This is the best kit for scratches and cracks (we have a better kit for buffing worn areas below), and this can fill in nicely on furniture fallen victim to cat claws and small burn holes.

We recommend this for leather upholstered furniture more than clothing and accessories, but it’s versatile enough for a range of styles and finishes. Just be aware you probably won’t get an exact match, and the patch job will be more apparent on larger tears.

<p><a href="" rel="nofollow noopener" target="_blank" data-ylk="slk:Shop Now;elm:context_link;itc:0;sec:content-canvas" class="link ">Shop Now</a></p><p>Leather Repair Kit For Furniture</p><p></p><p>$9.99</p>

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Leather Repair Kit For Furniture


Leather Max Quick Blend Refinish and Repair Kit

Great for everything from jackets to worn leather chairs, this wide-coverage, smooth-application solution works well for restoring faded, dry leather. We chose this over the above listing for items with bare spots from repeated use (think the most worn-out cushion on your couch or the drivers’ seat in your car). It has a wider application area and blends well over larger sections, and there are ten different sets to choose from with a variety of tones and colors.

Each set does come with a limited range (three deep brown shades instead of a brown, cream, and black for example) but these are affordable and it’s worth getting more than one if you have several items that need attention. The oil stain blends well for easy color matching, and it can be used on both natural and faux leather.

<p><a href="" rel="nofollow noopener" target="_blank" data-ylk="slk:Shop Now;elm:context_link;itc:0;sec:content-canvas" class="link ">Shop Now</a></p><p>Leather Max Quick Blend Refinish and Repair Kit</p><p></p><p>$14.95</p>

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Leather Max Quick Blend Refinish and Repair Kit


Advanced Leather Repair Sewing and Supplies Kit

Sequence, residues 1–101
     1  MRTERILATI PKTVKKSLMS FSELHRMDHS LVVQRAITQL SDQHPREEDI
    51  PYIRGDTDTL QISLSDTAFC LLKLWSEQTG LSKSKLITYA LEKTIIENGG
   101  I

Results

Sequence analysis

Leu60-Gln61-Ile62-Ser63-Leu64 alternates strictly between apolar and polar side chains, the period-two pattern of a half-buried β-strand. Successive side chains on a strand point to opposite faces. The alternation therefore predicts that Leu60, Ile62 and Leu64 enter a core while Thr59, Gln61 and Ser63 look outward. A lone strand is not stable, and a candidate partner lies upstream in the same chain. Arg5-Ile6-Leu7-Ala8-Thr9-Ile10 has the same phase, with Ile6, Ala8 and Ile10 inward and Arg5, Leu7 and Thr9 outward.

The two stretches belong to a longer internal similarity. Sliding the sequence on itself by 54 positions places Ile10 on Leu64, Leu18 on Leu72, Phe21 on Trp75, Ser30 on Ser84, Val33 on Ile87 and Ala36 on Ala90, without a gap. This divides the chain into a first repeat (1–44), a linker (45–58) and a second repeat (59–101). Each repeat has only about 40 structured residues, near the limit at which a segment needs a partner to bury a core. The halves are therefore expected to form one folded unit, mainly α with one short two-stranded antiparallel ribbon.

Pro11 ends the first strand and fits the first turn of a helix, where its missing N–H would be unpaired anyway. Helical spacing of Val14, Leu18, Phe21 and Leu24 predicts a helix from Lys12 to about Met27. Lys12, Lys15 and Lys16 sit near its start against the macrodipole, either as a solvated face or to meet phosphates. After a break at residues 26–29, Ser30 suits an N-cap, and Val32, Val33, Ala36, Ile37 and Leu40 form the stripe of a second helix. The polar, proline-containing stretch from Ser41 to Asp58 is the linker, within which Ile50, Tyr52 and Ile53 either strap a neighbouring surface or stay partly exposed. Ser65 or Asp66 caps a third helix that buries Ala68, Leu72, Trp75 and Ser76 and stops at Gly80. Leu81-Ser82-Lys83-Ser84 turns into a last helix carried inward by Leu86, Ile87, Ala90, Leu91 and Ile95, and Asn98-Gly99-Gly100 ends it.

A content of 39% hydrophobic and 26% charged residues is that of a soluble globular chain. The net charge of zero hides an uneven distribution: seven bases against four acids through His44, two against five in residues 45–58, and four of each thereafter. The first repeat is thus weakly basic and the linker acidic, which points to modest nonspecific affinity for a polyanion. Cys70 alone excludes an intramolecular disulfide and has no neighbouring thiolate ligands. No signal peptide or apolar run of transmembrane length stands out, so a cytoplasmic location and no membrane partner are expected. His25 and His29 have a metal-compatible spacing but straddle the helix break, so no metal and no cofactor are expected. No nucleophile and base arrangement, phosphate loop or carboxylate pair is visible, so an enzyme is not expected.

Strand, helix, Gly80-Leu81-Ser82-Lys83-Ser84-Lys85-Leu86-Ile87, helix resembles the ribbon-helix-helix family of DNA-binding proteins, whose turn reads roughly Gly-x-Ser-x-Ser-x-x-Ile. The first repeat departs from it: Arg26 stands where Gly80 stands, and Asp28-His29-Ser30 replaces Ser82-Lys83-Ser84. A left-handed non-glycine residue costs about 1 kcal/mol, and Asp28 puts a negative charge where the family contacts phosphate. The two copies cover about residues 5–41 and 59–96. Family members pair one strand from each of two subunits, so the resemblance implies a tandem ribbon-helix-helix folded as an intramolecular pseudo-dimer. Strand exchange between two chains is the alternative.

For DIYers and home craftsmen with space to spread out, this large-scale kit has nearly 400 items. We’re particularly excited about the impact-absorbing cutting mat, four different chisels for thinning leather for folding and repairing sections, a stitching wheel for precise stitch placement, and the durable steel awls with ergonomic handles.

All of this comes in a handy carrying case with slots for every item so you can see what you have, and has small containers for different sized rivets and snap hardware for connection repairs. This kit also comes with needles and three different waxed threads, as well as sheepskin-like applicators for stains and dyes, though you'll have to buy the coloring and conditioners separately.

<p><a href="" rel="nofollow noopener" target="_blank" data-ylk="slk:Shop Now;elm:context_link;itc:0;sec:content-canvas" class="link ">Shop Now</a></p><p>Advanced Leather Repair Sewing and Supplies Kit</p><p></p><p>$89.99</p>

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Advanced Leather Repair Sewing and Supplies Kit


Chicago Screws and Leather Rivets Repair Kit

If you just need to replace the snap or closure on a belt, or attach the handle to a bag and don’t want to sew, a rivet or screw is the best solution, easily assembled by folding the piece of leather, punching through with the hole punch, and attaching both sides.

While several other kits on this list come with a selection of Chicago screws, rivets, and snaps, buying a full set of these fasteners is a great way to guarantee you never run out. This kit comes with 110 sets of Chicago screws and rivets as well as the tools for simple installation, and with seven sizes between the two styles, you’ll have something for everything project.